What is the difference between a PLB and EPIRB? A PLB is a personal locating beacon. They are pocket sized. An EPIRB is an emergency position indicating radio beacon. They are required to float and transmit for 48 hours to meet regulations.
State and Territory Marine authorities regulations are now in force. All boats proceeding more than 2nm outside partially smooth waters, are required to carry an EPIRB that meets the Australian/New Zealand Standard 4280.1 (deals specifically with EPIRBs). EPIRBs are required to operate for a minimum of 48 hours, and float upright with antenna clear of the water, when deployed. EPIRBs are designed to operate most effectively, when activated and deployed in the water. Please note that a PLB (see separately) does not conform, and will not be accepted by regulators, as satisfying the Standard 4280.1. PLBs can of course, be carried on vessels as additional safety devices for personal use. This may be particularly helpful in man-overboard situations.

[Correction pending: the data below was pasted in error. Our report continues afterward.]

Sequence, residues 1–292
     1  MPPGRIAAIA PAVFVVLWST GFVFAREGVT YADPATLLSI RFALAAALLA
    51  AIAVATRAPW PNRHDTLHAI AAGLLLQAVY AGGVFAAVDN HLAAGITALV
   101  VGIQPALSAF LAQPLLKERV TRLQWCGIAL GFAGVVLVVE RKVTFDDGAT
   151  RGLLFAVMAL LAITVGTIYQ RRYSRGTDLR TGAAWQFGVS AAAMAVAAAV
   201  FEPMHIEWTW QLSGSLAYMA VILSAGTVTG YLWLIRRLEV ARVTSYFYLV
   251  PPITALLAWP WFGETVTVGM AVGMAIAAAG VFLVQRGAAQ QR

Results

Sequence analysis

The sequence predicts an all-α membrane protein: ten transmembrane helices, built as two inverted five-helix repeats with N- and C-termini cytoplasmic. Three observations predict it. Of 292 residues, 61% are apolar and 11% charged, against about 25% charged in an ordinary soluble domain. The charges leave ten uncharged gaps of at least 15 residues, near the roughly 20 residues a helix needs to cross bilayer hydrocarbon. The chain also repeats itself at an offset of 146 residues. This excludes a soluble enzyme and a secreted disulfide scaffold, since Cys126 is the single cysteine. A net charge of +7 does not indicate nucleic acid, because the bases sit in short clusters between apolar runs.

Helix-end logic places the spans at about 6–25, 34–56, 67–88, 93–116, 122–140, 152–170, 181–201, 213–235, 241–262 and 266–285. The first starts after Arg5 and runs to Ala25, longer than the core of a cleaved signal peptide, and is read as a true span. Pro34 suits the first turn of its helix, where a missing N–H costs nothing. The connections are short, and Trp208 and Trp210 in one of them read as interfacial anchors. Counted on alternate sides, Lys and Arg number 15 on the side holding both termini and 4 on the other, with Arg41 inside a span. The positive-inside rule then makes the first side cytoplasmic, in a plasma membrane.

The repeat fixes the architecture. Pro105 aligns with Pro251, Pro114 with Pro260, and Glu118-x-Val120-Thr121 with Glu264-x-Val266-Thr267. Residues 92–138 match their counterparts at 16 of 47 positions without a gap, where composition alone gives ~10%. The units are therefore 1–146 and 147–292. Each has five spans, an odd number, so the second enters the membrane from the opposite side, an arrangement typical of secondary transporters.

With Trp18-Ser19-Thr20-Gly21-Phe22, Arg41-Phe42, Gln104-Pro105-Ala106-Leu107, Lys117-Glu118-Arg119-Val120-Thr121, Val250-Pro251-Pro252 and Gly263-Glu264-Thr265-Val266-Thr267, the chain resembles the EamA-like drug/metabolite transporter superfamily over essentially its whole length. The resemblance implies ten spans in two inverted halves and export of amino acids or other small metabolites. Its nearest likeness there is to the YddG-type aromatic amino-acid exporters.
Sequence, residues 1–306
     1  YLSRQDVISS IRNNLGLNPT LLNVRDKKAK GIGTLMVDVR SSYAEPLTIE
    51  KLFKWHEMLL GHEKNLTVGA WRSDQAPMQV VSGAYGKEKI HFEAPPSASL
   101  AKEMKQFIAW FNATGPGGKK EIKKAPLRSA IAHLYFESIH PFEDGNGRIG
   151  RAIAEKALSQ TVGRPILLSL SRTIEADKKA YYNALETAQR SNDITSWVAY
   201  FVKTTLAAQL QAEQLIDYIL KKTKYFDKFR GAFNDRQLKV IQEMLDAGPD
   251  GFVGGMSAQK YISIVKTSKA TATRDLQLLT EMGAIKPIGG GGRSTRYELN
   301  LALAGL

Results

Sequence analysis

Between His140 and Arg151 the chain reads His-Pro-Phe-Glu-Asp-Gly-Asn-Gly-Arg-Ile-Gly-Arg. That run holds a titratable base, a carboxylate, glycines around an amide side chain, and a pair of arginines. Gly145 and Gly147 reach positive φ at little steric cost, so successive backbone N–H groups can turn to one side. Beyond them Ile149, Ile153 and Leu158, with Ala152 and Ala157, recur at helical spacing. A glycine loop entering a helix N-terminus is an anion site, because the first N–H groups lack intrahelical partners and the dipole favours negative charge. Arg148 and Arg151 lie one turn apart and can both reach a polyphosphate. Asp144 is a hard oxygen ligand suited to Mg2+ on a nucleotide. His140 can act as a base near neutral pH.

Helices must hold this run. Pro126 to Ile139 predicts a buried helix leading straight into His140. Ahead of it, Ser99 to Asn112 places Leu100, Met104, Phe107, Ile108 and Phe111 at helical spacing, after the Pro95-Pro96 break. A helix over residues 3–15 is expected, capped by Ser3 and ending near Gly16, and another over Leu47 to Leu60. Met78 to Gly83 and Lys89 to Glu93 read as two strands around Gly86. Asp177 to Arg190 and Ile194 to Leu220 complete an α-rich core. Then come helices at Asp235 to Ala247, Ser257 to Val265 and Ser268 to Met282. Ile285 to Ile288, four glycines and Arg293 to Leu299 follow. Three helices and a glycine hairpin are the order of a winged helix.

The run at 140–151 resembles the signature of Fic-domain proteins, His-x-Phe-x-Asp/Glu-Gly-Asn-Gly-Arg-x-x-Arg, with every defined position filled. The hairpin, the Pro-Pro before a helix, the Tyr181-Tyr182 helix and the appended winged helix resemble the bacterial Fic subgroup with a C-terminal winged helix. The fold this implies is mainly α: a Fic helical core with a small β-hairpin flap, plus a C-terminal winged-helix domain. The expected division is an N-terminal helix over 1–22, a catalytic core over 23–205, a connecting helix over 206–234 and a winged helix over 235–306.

PLBs sold in Australia are required to meet AS/NZS 4280.2 and must operate for a minimum of 24 hours. They can be used on land, in the air, and on water. Although they are required to float, PLBs don’t have to confirm to EPIRB regulations. In a marine environment, a survivor would need to ensure the beacon antenna is supported clear of the water, so that it can operate effectively.
PLBs will not be accepted by the regulators as EPIRBs for the purpose of the emergency beacon regulations. The intent is that boats must be fitted with EPIRBs that meet Part 1 of the Standard 4280. Owners and crews are encouraged however, to carry PLBs in addition to the boat's EPIRB, where conditions and activities may lead to man overboard situations.